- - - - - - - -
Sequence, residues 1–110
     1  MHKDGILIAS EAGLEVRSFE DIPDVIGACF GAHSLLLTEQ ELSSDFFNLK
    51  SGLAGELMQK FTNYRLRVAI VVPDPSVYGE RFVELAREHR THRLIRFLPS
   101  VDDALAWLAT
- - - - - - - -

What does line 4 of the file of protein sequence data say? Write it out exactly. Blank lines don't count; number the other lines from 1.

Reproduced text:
   101  VDDALAWLAT